The Democratic and Republican National Conventions are typically an opportunity for US voters to get a sense of what their next president’s domestic policies might look like.
But this year they also provided a key insight for China Inc as it navigates its rocky relationship with the US.
Several sources at Chinese tech firms have told me that a Joe Biden presidency would be more appealing than another four more years of President Trump – which would be seen as “unpredictable”.
And while they think a Biden administration would still be tough on China – it would be based more on reason, and fact – rather than rhetoric and politicking.
One thing is clear though: companies on the mainland believe that whoever is in the White House – the tough stance on China is here to stay.
Here are three things that are worrying Chinese companies the most about the next US administration – and what they’re doing to protect themselves:
This word gets used a lot these days – you hear President Trump and his administration talk about it in tweets and in press statements about China.
Decoupling basically means undoing more than three decades’ worth of US business relations with China.
Everything is on the cards: from getting American factories to pull their supply chains out of the mainland, to forcing Chinese-owned companies that operate in the US – like TikTok and Tencent – to have American owners, and not Chinese ones.
And make no mistake – under a Trump administration – “decoupling will be accelerated” as Solomon Yue of the Republicans Overseas lobby group told me.
“The reason is because there’s a genuine national security concern about our technology being stolen,” Mr Yue added.
But decoupling isn’t simple, as I’ve explained before. China and trade: Breaking up is hard to do
And while the US has had some success in forcing American companies to stop doing business with Chinese tech giants like Huawei – it is pushing Chinese firms to develop self sufficiency in some key industries, like chip-making and artificial intelligence.
“There’s a realisation that you can never really trust the US again,” a strategist working for a Chinese tech firm told me. “That’s got Chinese companies thinking what they need to do to protect their interests.”
As part of its focus on China, the Trump administration has come up with a set of recommendations for Chinese firms listed in the US, setting a January 2022 deadline for them to comply with new rules on auditing.
If they do not comply, according to the recommendations, they risk being banned.
While a Biden administration may not necessarily push through with the exact same ban – analysts say the scrutiny and tone of these recommendations is likely to stay.
“A Democrat, whether in the White House, Senate or Congress, would have little reason to roll back Trump’s toughness on China without some concession in return,” said Tariq Dennison, a Hong Kong-based investment adviser at GFM Asset Management told me.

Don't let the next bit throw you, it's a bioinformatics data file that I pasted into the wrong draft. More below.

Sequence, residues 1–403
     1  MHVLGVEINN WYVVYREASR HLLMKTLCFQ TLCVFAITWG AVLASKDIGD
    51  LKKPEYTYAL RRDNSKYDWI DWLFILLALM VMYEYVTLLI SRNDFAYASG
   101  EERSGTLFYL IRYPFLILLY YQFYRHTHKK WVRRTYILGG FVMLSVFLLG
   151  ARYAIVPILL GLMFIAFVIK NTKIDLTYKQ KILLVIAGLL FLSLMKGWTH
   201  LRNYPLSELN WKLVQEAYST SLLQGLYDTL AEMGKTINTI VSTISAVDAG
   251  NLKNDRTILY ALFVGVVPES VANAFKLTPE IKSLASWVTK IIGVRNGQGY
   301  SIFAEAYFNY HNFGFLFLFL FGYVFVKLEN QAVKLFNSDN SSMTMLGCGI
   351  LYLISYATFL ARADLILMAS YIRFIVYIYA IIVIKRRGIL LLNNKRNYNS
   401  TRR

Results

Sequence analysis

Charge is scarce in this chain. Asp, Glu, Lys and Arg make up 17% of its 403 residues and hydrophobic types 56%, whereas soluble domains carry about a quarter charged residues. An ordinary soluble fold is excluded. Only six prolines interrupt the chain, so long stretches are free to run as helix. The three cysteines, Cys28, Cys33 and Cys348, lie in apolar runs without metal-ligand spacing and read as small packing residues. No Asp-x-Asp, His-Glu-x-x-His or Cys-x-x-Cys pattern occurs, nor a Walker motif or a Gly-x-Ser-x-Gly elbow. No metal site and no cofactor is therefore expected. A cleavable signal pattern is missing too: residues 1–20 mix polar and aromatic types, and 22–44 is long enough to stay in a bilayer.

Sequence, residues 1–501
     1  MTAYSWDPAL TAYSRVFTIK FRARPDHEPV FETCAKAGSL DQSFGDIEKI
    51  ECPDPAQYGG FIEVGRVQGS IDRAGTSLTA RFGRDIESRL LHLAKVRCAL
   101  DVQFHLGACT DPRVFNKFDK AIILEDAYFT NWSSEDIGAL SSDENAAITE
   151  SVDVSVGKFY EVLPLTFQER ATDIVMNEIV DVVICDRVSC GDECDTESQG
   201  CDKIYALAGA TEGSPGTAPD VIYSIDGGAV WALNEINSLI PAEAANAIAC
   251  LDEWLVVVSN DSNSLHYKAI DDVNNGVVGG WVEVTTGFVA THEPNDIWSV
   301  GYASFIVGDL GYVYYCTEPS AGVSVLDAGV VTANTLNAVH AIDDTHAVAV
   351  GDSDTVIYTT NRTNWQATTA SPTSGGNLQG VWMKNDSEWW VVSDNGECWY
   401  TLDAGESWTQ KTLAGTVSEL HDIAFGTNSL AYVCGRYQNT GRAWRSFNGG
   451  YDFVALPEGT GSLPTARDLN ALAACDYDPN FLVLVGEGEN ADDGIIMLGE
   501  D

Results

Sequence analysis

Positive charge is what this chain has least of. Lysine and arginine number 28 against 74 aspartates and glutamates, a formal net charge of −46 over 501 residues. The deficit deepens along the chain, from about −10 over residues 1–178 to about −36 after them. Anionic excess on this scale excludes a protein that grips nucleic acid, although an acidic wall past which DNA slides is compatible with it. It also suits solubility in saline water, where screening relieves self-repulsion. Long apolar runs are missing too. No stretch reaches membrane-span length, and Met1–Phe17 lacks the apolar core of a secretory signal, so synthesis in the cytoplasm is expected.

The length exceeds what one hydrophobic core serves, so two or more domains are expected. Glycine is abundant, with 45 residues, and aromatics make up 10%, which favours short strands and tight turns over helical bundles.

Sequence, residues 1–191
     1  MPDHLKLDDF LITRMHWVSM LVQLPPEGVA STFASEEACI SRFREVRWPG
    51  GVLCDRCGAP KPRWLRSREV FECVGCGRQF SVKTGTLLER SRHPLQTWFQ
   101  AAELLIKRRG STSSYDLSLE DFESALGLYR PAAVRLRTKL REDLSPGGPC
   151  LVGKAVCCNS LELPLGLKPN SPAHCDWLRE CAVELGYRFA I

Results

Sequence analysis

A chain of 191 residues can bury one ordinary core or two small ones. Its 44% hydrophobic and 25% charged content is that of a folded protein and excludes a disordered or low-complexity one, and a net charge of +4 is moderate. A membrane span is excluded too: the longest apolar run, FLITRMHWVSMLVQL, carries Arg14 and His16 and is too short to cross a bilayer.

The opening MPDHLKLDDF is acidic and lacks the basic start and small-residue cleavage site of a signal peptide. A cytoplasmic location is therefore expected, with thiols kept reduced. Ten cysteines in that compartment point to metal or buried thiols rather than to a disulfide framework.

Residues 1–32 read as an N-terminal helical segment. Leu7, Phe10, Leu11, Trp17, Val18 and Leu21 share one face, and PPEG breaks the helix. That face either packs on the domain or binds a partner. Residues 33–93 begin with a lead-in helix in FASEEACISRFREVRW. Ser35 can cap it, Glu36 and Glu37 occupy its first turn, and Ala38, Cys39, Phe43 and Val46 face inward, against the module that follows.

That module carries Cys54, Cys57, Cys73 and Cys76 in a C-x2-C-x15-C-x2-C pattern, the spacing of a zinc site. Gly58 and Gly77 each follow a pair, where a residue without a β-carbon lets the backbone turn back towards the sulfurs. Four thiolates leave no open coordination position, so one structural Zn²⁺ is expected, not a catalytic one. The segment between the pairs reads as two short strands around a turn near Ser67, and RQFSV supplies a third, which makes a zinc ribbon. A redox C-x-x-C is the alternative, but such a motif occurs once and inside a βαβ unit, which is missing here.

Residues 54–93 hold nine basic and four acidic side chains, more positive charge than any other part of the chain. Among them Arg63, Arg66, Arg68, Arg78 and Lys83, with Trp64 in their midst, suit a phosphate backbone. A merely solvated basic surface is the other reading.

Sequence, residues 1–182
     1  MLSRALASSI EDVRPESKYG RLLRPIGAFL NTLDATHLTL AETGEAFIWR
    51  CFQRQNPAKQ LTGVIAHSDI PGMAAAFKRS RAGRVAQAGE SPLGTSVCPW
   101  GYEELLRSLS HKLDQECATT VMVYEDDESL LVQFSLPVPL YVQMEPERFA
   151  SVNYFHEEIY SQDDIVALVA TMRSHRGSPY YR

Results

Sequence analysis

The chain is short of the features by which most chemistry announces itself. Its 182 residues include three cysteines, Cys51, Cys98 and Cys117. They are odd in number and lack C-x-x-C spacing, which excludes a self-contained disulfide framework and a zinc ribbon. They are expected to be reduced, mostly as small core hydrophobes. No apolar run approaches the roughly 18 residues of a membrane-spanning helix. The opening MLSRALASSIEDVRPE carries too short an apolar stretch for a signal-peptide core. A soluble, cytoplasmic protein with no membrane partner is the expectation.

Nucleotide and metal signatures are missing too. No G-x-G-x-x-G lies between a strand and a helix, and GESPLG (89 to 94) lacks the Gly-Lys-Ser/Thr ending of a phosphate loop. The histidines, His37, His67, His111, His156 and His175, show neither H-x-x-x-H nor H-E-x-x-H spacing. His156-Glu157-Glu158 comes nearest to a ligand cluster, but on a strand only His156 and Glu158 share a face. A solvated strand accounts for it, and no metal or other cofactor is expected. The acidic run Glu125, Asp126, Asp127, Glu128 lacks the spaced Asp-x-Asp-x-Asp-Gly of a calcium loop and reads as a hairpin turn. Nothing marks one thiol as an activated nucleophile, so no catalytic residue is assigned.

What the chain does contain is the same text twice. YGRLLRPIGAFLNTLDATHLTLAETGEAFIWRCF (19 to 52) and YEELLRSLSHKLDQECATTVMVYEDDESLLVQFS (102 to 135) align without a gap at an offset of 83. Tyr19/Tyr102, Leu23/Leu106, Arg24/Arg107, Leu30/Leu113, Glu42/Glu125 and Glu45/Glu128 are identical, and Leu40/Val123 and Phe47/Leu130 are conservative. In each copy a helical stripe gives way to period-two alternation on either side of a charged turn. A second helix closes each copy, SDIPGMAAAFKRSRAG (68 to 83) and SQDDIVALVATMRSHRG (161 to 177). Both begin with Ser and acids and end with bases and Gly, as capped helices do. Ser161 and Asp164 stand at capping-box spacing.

‘”One thing both parties seem to agree on in 2020 is to blame China for any of America’s problems that can’t be easily blamed on the other party. That’s not going to change anytime soon.”
While fears of being delisted aren’t high on the list of worries for Chinese companies that are already listed in the US – it’s enough to sway the decisions of companies that are looking to list in the future.
Take Ant Group for example – the mammoth Chinese digital financial services group that this week filed for an IPO.
Affiliated to the Alibaba Group, which is listed in the US and Hong Kong, it chose Hong Kong and Shanghai to list over the US.
Increasingly other Chinese companies are likely to follow suit, as tensions between the US and China get worse.
China has been one of the biggest beneficiaries of globalisation over the last thirty years; it’s helped hundreds of millions of Chinese afford a better quality and standard of life – the bedrock upon which President Xi Jinping’s Chinese Dream is based.
But that’s precisely what President Trump says needs to change: his administration argues that China has become richer while the US has become poorer.
During Mr Trump’s term, deglobalisation – where borders are less open and trade is less free – has become a trend. And it’s something that Beijing knows won’t change even after the election.
“The fundamental adjustment of the US’ strategic mind-set over China is real”, reads the latest op-ed in the Communist Party’s mouthpiece, The Global Times. ‘This has to a large extent reset the China-US relationship.”
One of the natural consequences of globalisation was arguably a safer world.
If you’re doing business with one another, chances are you’re not going to want to get in a fight – or at least not open conflict.
A big worry for many businesses in Asia is that a real military clash between the two superpowers is inevitable – and those concerns only grew this week when Beijing fired missiles into the South China Sea, a lucrative but contested waterway.
The reset of the US-China relationship is dangerous – not just for the US and China – but for the rest of us too.
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